All in Disaster Response

I recently received an email request asking for help from a state emergency management professional who’s interested in Web 2.0. I didn’t discourage him from using the term “Web 2.0” since I thought that would just confuse him; heck, just today I found out that “Web 3.0” has already been replaced by “Web Squared” by people who should know better …
If you have recently written a check to pay college tuition for the coming semester, you will be interested to know that, if Congress has its way, part of the money you spend on your child’s college education will now be going to subsidize college-based copyright enforcement and anti-piracy efforts.
I received an email commenting on Social Networking and Elsevier’s “Grand Challenge” for Knowledge Enhancement in the Life Sciences. I had suggested that networked access to published health science authors would be useful in emergency situations where there is the need for rapid access to high quality health information from many different sources.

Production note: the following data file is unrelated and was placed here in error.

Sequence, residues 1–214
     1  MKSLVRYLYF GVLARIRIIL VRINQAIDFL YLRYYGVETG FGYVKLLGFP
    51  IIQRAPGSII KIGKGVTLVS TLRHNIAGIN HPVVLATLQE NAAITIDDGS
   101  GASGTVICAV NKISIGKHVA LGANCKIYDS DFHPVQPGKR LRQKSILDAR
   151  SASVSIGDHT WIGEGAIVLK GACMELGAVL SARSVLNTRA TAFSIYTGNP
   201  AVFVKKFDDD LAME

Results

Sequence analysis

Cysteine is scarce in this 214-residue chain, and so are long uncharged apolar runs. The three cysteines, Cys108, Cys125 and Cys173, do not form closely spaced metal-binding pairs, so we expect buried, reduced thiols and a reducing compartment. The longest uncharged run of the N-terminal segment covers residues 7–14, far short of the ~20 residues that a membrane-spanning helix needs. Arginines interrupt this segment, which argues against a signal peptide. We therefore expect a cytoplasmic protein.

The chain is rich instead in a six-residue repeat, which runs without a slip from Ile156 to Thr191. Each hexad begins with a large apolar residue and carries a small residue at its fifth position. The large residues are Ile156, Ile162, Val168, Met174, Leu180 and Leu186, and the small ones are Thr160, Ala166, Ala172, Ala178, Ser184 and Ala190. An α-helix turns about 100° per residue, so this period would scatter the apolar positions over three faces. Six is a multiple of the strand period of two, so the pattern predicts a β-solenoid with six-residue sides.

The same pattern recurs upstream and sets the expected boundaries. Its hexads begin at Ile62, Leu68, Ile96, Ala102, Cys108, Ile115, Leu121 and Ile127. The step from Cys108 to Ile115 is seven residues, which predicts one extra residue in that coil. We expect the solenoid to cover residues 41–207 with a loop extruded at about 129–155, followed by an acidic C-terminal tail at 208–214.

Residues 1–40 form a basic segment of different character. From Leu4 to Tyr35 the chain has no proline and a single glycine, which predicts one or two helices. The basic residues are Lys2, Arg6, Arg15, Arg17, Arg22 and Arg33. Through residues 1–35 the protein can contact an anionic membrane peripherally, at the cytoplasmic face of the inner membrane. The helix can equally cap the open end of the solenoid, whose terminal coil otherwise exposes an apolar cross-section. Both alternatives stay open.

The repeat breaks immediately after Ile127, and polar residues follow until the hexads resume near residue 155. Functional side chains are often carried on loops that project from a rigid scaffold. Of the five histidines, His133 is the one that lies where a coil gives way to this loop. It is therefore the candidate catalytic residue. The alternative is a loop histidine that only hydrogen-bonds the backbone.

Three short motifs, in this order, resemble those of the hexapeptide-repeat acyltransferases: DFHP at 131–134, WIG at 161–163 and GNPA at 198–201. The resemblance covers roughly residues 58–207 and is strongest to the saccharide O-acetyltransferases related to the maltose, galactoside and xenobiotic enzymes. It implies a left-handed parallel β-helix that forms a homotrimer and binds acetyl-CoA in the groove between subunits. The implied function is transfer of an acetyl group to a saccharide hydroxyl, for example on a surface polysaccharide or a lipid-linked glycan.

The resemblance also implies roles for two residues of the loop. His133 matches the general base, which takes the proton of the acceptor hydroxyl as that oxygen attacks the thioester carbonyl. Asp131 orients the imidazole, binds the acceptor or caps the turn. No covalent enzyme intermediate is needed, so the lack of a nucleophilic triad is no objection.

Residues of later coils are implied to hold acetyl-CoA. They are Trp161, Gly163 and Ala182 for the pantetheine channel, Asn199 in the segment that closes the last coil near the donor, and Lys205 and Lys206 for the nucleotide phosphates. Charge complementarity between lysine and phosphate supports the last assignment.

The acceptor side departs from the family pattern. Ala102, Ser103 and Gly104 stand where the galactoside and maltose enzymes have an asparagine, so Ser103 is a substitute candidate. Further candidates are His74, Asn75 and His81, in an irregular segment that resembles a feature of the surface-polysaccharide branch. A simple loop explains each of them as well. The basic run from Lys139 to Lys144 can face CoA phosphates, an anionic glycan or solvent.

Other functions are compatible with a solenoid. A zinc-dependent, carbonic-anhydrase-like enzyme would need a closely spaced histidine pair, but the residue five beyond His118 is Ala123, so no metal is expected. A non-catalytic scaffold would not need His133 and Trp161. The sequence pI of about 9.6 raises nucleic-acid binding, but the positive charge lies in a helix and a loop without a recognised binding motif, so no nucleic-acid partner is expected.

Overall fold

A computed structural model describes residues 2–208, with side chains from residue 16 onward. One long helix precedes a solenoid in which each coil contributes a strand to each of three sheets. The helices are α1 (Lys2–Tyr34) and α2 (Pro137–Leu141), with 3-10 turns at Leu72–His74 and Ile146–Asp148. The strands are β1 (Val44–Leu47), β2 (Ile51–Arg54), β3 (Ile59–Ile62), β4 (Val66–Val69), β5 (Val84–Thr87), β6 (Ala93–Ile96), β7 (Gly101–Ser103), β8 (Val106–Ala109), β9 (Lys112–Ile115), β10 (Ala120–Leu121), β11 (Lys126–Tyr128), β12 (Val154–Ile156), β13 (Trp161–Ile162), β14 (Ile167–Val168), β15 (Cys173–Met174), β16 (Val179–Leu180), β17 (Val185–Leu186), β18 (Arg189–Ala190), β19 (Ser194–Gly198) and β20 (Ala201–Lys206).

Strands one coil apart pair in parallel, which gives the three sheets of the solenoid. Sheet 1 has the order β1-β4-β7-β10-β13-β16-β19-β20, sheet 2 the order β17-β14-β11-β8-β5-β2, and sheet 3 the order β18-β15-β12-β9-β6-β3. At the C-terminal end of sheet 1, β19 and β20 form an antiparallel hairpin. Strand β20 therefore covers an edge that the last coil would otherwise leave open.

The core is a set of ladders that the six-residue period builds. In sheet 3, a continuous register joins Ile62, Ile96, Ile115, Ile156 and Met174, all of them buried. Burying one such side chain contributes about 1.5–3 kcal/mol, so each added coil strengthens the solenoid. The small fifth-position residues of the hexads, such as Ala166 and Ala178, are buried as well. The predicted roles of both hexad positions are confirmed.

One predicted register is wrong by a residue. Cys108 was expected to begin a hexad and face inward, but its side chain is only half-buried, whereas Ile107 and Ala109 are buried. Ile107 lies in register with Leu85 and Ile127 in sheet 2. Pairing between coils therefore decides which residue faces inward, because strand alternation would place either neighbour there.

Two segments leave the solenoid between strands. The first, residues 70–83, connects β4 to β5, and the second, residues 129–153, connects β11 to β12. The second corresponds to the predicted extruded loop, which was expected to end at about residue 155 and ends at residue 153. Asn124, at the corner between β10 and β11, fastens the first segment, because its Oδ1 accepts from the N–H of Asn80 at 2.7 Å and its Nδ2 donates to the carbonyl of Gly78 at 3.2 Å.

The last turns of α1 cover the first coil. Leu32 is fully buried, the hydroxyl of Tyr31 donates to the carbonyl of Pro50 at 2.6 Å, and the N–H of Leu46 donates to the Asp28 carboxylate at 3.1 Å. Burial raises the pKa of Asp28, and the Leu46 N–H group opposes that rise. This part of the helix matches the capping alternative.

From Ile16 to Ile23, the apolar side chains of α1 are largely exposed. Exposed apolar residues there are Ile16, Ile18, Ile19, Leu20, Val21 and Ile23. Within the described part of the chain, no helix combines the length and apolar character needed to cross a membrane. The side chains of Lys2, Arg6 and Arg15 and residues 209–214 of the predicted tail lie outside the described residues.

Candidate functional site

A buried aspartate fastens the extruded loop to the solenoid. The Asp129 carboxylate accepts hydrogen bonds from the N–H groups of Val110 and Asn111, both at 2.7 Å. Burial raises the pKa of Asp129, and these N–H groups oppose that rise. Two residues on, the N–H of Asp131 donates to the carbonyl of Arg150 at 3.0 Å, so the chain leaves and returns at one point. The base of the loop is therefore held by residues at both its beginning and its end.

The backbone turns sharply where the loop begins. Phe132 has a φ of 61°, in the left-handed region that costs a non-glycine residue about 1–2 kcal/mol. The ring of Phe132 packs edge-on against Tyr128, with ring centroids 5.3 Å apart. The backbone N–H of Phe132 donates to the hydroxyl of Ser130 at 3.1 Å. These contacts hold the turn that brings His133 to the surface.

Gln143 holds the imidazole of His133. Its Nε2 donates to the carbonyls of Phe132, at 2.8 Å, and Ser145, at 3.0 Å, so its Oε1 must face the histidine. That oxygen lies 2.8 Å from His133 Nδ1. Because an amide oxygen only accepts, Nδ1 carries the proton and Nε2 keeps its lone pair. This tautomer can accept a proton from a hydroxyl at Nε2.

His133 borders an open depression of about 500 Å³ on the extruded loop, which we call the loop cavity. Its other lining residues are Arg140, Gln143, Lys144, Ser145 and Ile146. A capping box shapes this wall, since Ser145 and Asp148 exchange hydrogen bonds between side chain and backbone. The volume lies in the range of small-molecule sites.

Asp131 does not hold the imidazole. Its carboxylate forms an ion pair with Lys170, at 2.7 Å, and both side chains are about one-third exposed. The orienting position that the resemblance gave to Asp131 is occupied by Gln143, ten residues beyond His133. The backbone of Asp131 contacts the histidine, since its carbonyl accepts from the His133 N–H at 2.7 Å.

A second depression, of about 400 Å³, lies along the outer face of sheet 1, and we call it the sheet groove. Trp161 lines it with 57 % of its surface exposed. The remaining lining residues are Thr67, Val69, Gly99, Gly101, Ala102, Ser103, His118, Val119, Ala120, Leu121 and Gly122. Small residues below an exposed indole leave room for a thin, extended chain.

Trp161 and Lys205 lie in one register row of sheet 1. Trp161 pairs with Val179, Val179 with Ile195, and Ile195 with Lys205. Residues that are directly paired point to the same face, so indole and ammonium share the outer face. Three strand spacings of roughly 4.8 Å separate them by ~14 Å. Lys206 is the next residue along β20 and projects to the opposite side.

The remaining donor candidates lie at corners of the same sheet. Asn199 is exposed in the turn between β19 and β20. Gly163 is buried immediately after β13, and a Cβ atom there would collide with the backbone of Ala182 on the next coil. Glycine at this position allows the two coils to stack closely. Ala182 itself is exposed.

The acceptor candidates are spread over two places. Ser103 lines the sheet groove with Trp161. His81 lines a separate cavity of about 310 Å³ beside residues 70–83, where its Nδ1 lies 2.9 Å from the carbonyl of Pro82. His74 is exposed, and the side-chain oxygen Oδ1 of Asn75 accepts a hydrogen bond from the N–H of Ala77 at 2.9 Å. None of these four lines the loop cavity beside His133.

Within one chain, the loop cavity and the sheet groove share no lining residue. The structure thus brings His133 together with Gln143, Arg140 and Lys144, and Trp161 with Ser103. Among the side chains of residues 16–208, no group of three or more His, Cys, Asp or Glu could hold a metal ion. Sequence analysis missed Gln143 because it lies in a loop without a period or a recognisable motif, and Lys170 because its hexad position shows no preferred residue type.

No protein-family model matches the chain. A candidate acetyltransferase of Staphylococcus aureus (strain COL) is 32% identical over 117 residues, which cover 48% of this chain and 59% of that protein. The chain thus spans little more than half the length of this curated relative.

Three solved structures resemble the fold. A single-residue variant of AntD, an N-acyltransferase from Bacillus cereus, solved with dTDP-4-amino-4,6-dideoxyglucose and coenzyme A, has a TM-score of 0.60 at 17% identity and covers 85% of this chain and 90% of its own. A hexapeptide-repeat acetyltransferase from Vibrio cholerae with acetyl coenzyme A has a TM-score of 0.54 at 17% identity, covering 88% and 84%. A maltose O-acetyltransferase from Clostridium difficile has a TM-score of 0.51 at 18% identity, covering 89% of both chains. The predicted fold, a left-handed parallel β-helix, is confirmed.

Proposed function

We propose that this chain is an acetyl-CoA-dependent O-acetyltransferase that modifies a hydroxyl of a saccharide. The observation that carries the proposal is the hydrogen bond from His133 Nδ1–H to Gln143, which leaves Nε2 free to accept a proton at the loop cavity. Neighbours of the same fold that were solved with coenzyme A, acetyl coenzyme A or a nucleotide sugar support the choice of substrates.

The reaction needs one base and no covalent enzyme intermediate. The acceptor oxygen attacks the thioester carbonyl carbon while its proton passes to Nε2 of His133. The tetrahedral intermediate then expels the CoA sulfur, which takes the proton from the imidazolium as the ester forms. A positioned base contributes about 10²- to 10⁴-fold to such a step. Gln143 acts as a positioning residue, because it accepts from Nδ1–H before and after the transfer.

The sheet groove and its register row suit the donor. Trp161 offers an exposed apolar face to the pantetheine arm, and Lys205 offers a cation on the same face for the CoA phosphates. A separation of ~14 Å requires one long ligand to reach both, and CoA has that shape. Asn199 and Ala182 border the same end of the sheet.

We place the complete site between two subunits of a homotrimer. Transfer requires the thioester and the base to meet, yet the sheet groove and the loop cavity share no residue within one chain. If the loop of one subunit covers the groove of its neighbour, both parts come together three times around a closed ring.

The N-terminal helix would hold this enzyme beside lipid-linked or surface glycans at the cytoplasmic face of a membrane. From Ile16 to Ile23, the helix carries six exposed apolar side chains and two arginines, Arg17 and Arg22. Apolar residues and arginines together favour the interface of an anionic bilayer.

Potential Applications of Social Media and Social Networking in Local Disaster Response

People use the tools available to them when a crisis hits. Increasingly these tools include blogs, text messaging, and social networking systems such as Facebook. The use of such communication tools in disaster and emergency situations is evidence of an obvious fact: the people most involved in an emergency are going to communicate about it. The question is, how can those in an official capacity take advantage of these communication channels?
The Center for Homeland Defense and Security of the Naval Postgraduate School has published a video podcast of an interview with Dr. Jim Breckenridge titled The Psychological Effects of Media Exposure in the Case of a National Tragedy. Breckenridge is a Director of CIPERT, the nonprofit Center for Interdisciplinary Policy, Education, and Research on Terrorism.

School Communications & Emergency Response: What are the Implications for Social Media?

I’ve been reading documents from a page of links relevant to emergency planning for schools that is maintained by the Texas A&M University’s Integrative Center for Homeland Security. According to the Center’s blog, the list was started in response to the Virginia Tech shooting. I’m looking for information on the implications of using social media and social networking systems as part of the “mix” of communication tools that are relevant in an emergency.